1

I would like to make sure the two following sentences are correct, comprehensible and mean the exact same thing.

A single mistake does not mark a loser.

A failure does not make one a loser.

Would you prefer one to another?

Also, I would appreciate if you could correct mistakes in my posts, should any appear.

  • 1
    If we do not consider the emphasis (possible), both mean the same. But I would prefer "A single mistake does not make one a loser." :) – M.A.R. Jan 2 '15 at 13:42
  • So which structure is more emphatic? – Bebop B. Jan 2 '15 at 13:49
  • 1
    It's not about 'the whole sentence', but using "single" in the first one could mean an emphasis to the singularity of the "mistake", while no such thing is seen in the second one. I'm sure there are better thoughts and answers than mine, so I leave this as a comment. – M.A.R. Jan 2 '15 at 13:52
  • Okay, I get it now :) Thanks, guys! It seems as though you are a lot more understanding and easygoing than folks from English.Stackexchange. Oh, by the way, just so I wouldn't have to ask another question - should I say "folks at English.Stackexchange", or perhaps "on"? – Bebop B. Jan 2 '15 at 13:58
  • 2
    I wouldn't say folks at ELU.SE are less understanding, just this question maybe wouldn't have been really in their 'scope'. – M.A.R. Jan 2 '15 at 14:06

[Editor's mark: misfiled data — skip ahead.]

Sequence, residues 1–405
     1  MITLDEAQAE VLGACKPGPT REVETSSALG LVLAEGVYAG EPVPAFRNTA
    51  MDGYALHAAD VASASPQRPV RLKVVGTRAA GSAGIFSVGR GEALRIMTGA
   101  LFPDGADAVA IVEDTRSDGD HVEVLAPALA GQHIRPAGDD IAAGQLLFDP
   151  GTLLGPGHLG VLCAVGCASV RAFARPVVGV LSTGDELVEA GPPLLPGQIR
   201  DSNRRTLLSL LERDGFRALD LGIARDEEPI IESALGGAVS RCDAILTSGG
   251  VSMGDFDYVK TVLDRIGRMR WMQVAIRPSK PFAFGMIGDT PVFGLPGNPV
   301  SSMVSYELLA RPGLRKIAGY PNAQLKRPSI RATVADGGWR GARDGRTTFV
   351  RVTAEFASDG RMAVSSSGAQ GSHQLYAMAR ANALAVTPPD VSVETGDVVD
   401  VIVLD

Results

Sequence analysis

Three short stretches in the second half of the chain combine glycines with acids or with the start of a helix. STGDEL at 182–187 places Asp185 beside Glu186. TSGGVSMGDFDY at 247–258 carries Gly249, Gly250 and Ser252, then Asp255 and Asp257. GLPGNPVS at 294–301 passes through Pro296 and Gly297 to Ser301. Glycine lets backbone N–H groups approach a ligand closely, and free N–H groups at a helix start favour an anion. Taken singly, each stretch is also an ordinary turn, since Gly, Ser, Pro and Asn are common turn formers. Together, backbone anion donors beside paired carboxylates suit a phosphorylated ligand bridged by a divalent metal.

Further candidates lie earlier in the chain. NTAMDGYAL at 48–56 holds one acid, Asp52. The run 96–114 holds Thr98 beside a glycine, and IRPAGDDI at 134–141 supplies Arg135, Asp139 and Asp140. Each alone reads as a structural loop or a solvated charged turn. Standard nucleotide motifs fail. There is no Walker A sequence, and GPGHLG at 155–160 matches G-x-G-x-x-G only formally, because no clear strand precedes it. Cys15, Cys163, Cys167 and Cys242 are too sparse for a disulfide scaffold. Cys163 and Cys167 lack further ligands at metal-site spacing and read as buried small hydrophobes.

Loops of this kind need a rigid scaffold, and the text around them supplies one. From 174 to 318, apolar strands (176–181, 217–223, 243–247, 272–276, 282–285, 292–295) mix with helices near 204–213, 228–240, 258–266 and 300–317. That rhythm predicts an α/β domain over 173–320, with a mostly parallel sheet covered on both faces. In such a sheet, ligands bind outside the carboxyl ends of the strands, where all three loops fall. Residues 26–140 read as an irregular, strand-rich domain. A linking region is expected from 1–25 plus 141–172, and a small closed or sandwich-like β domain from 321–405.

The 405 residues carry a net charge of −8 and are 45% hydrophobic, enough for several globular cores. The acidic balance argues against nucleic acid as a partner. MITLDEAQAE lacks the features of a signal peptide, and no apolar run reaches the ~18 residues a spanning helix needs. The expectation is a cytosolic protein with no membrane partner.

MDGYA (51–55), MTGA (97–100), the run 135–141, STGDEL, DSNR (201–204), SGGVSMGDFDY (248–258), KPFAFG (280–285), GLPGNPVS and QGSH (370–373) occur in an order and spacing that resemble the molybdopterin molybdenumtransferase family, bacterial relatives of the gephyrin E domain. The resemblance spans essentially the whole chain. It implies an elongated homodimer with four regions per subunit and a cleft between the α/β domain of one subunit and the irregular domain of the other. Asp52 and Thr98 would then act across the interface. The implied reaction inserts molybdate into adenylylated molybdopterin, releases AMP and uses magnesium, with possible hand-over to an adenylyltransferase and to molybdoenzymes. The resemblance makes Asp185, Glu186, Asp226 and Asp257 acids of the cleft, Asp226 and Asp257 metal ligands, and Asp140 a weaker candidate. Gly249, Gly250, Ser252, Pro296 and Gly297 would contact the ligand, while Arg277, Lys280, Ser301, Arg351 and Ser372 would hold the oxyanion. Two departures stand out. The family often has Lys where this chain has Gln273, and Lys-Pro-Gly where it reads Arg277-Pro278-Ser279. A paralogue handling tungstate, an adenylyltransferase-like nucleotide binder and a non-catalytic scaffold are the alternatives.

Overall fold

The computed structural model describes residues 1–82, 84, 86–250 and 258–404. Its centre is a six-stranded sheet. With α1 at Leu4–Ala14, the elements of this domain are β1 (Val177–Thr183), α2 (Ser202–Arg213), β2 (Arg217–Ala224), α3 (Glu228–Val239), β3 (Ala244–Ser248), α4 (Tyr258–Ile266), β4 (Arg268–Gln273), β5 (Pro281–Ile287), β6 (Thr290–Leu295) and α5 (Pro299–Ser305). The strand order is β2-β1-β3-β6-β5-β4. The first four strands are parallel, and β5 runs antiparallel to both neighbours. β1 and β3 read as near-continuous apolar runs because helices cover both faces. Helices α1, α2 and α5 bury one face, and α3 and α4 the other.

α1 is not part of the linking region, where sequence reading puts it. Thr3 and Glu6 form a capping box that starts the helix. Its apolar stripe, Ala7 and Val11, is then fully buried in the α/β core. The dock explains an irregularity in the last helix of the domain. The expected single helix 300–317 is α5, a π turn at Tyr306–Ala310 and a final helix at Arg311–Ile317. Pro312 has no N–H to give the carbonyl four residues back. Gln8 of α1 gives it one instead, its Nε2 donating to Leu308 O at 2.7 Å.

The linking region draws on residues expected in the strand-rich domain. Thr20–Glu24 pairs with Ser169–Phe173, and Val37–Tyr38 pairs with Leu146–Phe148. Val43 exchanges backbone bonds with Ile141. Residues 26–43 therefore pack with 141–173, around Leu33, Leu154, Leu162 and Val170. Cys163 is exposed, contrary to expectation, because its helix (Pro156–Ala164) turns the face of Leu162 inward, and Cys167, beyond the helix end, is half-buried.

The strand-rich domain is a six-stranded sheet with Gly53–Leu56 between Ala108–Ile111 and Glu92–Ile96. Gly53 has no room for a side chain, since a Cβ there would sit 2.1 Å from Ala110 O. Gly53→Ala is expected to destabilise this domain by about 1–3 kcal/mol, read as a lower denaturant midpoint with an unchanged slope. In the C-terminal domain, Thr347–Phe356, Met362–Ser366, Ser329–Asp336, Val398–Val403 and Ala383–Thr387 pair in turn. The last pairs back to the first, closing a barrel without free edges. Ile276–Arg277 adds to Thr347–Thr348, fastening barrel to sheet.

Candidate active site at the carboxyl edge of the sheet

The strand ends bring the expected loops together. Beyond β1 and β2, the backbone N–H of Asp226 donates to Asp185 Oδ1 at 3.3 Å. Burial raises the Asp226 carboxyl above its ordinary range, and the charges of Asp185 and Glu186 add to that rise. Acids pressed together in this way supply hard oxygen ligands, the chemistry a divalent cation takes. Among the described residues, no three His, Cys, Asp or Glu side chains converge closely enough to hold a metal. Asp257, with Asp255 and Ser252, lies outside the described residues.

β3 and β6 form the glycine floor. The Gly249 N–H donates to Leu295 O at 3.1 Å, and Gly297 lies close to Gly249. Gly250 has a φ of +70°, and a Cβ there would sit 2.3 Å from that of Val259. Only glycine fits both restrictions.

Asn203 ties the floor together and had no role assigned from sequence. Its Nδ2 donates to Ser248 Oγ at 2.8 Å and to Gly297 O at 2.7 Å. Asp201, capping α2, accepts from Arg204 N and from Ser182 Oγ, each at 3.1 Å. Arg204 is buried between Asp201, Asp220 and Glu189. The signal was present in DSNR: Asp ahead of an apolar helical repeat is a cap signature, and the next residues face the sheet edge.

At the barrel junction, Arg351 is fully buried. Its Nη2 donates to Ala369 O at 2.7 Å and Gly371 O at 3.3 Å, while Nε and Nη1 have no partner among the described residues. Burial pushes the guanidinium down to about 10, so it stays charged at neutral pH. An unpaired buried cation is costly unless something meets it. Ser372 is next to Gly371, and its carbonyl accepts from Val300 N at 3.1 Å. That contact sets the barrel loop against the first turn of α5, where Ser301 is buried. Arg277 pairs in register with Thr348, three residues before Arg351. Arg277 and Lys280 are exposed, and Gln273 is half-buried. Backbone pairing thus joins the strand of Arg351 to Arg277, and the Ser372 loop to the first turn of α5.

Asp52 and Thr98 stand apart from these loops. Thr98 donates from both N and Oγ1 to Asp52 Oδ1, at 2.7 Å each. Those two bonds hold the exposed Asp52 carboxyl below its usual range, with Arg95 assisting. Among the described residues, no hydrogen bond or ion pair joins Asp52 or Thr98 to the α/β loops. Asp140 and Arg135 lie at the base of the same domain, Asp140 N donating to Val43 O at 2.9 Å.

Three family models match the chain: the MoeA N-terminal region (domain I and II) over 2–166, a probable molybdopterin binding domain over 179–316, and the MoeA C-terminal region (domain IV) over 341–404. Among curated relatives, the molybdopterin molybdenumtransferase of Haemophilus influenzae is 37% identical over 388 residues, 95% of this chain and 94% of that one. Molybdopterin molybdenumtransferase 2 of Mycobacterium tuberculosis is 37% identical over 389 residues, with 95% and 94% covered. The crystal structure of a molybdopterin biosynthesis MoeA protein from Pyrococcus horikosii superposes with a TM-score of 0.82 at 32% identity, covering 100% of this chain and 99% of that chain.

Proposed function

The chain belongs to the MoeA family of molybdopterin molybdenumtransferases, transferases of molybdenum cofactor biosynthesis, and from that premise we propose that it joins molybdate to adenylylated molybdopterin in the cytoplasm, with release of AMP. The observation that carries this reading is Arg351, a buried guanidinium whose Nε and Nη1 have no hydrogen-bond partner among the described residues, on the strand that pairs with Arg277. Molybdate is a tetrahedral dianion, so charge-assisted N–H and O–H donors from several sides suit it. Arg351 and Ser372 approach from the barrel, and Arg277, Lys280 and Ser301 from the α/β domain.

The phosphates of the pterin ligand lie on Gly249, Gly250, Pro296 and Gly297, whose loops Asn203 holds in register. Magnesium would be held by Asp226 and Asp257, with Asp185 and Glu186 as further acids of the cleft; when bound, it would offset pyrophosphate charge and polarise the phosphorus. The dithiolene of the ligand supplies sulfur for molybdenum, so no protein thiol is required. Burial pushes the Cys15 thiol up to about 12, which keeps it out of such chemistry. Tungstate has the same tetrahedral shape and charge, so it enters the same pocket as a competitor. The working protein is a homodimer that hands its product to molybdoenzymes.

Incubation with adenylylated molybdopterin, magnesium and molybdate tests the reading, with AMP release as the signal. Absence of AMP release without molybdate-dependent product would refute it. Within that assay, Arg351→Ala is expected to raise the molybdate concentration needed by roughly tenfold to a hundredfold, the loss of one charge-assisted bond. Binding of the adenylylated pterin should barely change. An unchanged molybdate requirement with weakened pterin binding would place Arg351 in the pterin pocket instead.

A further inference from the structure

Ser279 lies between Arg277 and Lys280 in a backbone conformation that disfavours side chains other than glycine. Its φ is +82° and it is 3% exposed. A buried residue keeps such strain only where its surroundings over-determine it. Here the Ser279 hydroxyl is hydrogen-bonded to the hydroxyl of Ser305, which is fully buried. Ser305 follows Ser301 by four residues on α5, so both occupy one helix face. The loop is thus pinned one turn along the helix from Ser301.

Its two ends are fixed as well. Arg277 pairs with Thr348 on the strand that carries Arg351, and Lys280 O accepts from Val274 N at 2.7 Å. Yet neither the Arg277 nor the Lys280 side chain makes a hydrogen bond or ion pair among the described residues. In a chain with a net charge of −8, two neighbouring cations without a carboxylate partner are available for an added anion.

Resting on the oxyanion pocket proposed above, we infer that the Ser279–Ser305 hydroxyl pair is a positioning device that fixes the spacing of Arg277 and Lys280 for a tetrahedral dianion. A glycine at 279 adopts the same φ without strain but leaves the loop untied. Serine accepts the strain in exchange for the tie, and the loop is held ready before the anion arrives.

2

The two are both correct and understandable and very close in meaning, but not exactly the same.

"A single mistake" might or might not be a "failure" and vice versa. You can fail at something without making a mistake and you can make a mistake without failing.

For example, if you start a business you will make mistakes - no one ever ran a business perfectly - but you may not have a failure, your business might succeed very well. On the other hand, if you play a game of bridge you might lose without making any mistakes.

  • 1
    Thank you very much for breaking down the sentences and explaining each part of them :) Now I may rest assured. – Bebop B. Jan 2 '15 at 14:02
  • 1
    Good point. Any time there are circumstances beyond your control, you might fail without making any mistakes. You could be the victim of bad luck, or be hopelessly overmatched in a competition. Of course in real life it would be very rare indeed for something to do any non-trivial task without making ANY mistakes. – Jay Jan 2 '15 at 14:26

Your Answer

By clicking “Post Your Answer”, you agree to our terms of service, privacy policy and cookie policy

Not the answer you're looking for? Browse other questions tagged or ask your own question.